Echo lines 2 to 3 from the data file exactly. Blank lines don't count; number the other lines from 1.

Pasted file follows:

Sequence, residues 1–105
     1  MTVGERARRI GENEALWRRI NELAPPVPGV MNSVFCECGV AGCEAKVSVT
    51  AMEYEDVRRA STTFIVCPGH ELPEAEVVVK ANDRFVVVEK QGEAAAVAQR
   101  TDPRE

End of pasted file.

     1  MTVGERARRI GENEALWRRI NELAPPVPGV MNSVFCECGV AGCEAKVSVT
    51  AMEYEDVRRA STTFIVCPGH ELPEAEVVVK ANDRFVVVEK QGEAAAVAQR